Tuesday, May 29, 2012

Breaking Back Into Bloomington

I think it's annoying that when I tell people around here that I'm going to Bloomington, I have to add "Indiana."

Around these parts when someone says, "Bloomington," they're usually referring to the lame one-- the one in central Illinois that is the home of State Farm Insurance and Beer Nuts.

But where I come from-- and for people who live a scant 45 miles east of here-- Bloomington has a way cooler meaning: the small college town in southern Indiana where the main campus of Indiana University lives.

For six years in the 1990's I called Bloomington home.  I earned two degrees there, worked four different jobs, met dozens of people and collected a lifetime of stories.  I learned, grew, and changed.       


So on a recent nostalgia trip to Bloomington, my girlfriend (and traveling companion) asked me, "Have you ever seen Breaking Away?"

Have I ever seen Breaking Away?!  I'm from Indiana!  I could recite that movie!

 ("Oh, Fellini, get off the table!"  "That's my cat and I named him Jake!  Your name's Jake, not Fellini!  I won't have any eeny in this house!!")

I then decided that we absolutely had to watch the movie while we were there.  Not only was Breaking Away about Bloomington (and won the 1979 Oscar for Best Screenplay), it was filmed entirely in Bloomington, so watching it is a nice time capsule of what the town and university looked like in the late 70's. (If you're not familiar with it, read Roger Ebert's review from 1979:

But the first challenge was to see if we could find a copy of the movie on a Saturday night on Kirkwood Avenue (Bloomington's main drag.) 

View down Kirkwood from the main gates of campus
We stopped at the Tracks record store, where I used to go to all the time to buy cassette tapes, but today mostly sells IU t-shirts and paraphernalia.

They had a bunch of used DVD's in bins outside, but after rifling through them, we couldn't find the movie. I went inside and asked the college kid behind the counter, "Would you be able to tell me if you have a specific DVD?"

"Oh, not really, but what is the title? Maybe I remember seeing it."

I said Breaking Away, and he pointed to the counter in front of me.  A dozen new copies of the movie sat wrapped in cellophane before me.  Duh!  Of course-- this is Bloomington!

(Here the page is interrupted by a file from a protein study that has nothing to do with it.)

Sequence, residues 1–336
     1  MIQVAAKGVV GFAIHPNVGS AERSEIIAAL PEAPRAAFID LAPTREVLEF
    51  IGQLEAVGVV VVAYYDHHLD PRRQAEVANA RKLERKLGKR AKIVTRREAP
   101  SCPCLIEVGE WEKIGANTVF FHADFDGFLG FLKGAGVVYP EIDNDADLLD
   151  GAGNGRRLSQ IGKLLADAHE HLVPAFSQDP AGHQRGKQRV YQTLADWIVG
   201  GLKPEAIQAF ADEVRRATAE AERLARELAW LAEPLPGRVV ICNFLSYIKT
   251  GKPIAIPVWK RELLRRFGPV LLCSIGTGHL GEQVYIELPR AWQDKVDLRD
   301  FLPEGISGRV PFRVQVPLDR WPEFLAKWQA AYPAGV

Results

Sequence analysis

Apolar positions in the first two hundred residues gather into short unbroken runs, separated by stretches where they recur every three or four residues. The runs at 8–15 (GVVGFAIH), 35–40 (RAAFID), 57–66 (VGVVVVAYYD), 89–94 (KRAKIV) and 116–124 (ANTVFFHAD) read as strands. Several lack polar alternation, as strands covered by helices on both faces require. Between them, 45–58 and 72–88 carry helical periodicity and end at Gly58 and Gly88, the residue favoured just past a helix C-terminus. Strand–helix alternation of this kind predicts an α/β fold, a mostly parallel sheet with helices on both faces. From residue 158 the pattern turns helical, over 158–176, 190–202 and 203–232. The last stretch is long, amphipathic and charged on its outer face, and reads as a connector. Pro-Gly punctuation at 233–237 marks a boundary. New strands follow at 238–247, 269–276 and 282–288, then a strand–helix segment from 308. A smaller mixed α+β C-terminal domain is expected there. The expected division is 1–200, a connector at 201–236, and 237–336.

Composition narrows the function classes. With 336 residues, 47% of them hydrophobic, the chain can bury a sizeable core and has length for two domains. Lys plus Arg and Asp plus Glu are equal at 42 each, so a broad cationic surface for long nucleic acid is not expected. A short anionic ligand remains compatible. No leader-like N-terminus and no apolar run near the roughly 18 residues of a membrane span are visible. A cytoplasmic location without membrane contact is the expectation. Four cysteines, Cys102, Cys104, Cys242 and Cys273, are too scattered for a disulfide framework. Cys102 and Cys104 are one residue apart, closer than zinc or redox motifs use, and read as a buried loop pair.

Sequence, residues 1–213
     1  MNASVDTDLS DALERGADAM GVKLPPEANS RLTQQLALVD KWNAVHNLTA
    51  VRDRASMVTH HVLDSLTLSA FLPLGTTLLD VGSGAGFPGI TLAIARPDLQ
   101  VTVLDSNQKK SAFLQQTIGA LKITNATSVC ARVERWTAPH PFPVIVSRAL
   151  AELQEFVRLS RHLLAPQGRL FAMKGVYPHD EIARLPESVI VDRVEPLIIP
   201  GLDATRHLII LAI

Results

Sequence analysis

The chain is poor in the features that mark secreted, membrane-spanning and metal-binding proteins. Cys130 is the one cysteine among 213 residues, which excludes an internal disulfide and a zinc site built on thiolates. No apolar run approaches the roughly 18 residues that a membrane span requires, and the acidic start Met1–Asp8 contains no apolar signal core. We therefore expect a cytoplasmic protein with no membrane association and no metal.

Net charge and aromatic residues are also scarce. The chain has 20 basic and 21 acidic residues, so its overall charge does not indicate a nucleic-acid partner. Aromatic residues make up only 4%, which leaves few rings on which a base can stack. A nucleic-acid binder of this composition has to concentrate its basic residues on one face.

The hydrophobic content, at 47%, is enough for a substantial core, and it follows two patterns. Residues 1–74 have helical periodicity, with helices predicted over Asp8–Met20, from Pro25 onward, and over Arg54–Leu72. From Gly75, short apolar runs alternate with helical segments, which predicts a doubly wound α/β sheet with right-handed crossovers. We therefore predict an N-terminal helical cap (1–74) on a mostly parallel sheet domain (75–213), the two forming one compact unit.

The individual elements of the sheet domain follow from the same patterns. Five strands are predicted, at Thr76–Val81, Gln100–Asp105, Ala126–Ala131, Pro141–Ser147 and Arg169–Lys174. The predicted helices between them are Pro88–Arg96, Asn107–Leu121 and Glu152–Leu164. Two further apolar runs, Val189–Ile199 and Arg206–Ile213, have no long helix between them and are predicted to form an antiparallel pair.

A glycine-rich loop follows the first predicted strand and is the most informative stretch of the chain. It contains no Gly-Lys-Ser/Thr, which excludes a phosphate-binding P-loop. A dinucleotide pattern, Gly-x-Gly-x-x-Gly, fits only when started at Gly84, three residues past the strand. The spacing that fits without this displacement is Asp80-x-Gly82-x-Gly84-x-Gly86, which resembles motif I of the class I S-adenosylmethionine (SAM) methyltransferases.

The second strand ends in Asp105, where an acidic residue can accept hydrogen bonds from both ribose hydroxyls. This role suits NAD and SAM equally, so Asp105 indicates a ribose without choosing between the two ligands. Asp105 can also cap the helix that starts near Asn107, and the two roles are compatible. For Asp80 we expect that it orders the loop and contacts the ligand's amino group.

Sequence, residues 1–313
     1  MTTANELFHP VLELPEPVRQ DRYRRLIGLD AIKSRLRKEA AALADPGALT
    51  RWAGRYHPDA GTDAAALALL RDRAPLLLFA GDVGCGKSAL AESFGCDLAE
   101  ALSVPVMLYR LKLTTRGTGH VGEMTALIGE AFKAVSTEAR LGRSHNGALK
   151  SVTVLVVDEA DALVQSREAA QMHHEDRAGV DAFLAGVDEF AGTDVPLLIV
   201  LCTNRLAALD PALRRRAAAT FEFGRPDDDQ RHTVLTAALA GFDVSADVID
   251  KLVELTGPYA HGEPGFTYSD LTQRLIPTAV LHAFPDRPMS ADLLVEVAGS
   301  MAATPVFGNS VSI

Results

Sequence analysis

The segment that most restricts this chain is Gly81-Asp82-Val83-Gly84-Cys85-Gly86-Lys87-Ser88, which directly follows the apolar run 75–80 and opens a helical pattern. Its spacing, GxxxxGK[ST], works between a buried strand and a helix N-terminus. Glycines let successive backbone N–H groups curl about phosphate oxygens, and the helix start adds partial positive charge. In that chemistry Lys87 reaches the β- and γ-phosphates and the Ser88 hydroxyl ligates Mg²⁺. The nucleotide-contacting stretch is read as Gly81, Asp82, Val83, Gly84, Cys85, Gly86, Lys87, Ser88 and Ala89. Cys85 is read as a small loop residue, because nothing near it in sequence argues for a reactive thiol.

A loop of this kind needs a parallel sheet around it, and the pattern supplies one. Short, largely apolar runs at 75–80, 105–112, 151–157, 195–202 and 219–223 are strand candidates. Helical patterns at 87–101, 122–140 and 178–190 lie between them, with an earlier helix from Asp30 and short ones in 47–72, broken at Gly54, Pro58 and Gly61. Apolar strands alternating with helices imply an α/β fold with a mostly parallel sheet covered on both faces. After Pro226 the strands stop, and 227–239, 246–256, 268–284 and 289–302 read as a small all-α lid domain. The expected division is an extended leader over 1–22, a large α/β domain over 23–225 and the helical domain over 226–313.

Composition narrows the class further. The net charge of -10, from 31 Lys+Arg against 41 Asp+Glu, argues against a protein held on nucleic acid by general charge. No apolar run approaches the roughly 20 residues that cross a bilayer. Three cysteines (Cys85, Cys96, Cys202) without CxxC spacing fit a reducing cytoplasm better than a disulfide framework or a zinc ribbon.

Thirty-four years after it was filmed here, not only could you find new copies it, but they also sold replicas of the white Cutters t-shirts from the movie.

As my gf pointed out, that t-shirt would have a totally different connotation for kids these days.

Watching Breaking Away at our hotel in Bloomington was a nostalgia spiral.  Here I was watching a movie about Bloomington that captured the time before I moved there, seeing places I remember from my own college days, and places I would be walking past the next day.

The movie holds up well.  It does a great job of illustrating sociological issues (i.e. "town vs. gown") through individual perspectives.  As Roger Ebert says, it is "a wonderfully sunny, funny, goofy, intelligent movie that makes you feel about as good as any movie in a long time."  But as an older adult I did notice some plot holes I hadn't seen before.  Like how some random nonathletic kid who wins a new racing bike could suddenly become so successful at bike racing, or why he needs to tape himself to the bike in the last race.  It also struck me that this is basically a xenophobic movie-- all the villains are outsiders: the college kids, the Italian bicyclists, etc.

But these are quibbles.  On the whole, it's still a great movie.  And just like I said in college 20 years ago, if you haven't seen it, you HAVE TO!!


If you were to ask my girlfriend (and traveling companion) about her impressions of Bloomington, she would probably say, "95 degrees, limestone, 95 degrees, some more limestone buildings, and 95 degrees."  They were having a heat wave when we visited, and indeed, there are a lot of limestone buildings.

Indiana limestone is not only ubiquitous and pretty-- it is famous.  It's what the Empire State Building is made of.
True fact: this was built with limestone near Bloomington

That's the problem with taking someone on your own nostalgia trip.  Where I see memories at every turn, she just sees pretty buildings and a scenic campus.  This is where I lived!  This is where I took a class! This is where I walked!  And here's the scenic campus from a different angle! And here's the place where I had lunch!  

When we got to Showalter Fountain, I had to tell the story of a hot summer night, one of those nights when it was humid and 95 degrees at midnight, so my roommates and I decided to go play in the fountain.  We walked all the way across campus at midnight and jumped in the fountain to cool off. When we got there, there were other groups of students also enjoying the fountain that night.  It was an impromptu party.

Showalter Fountain: we partied with the naked fish lady

That seems like the epitome of a college story.  The kind of thing you did before you have jobs and homes and children.

Maybe that's why everyone has a special place in their heart for their college town.  It was the first (possibly only) time in your life you jumped in a fountain at midnight.    

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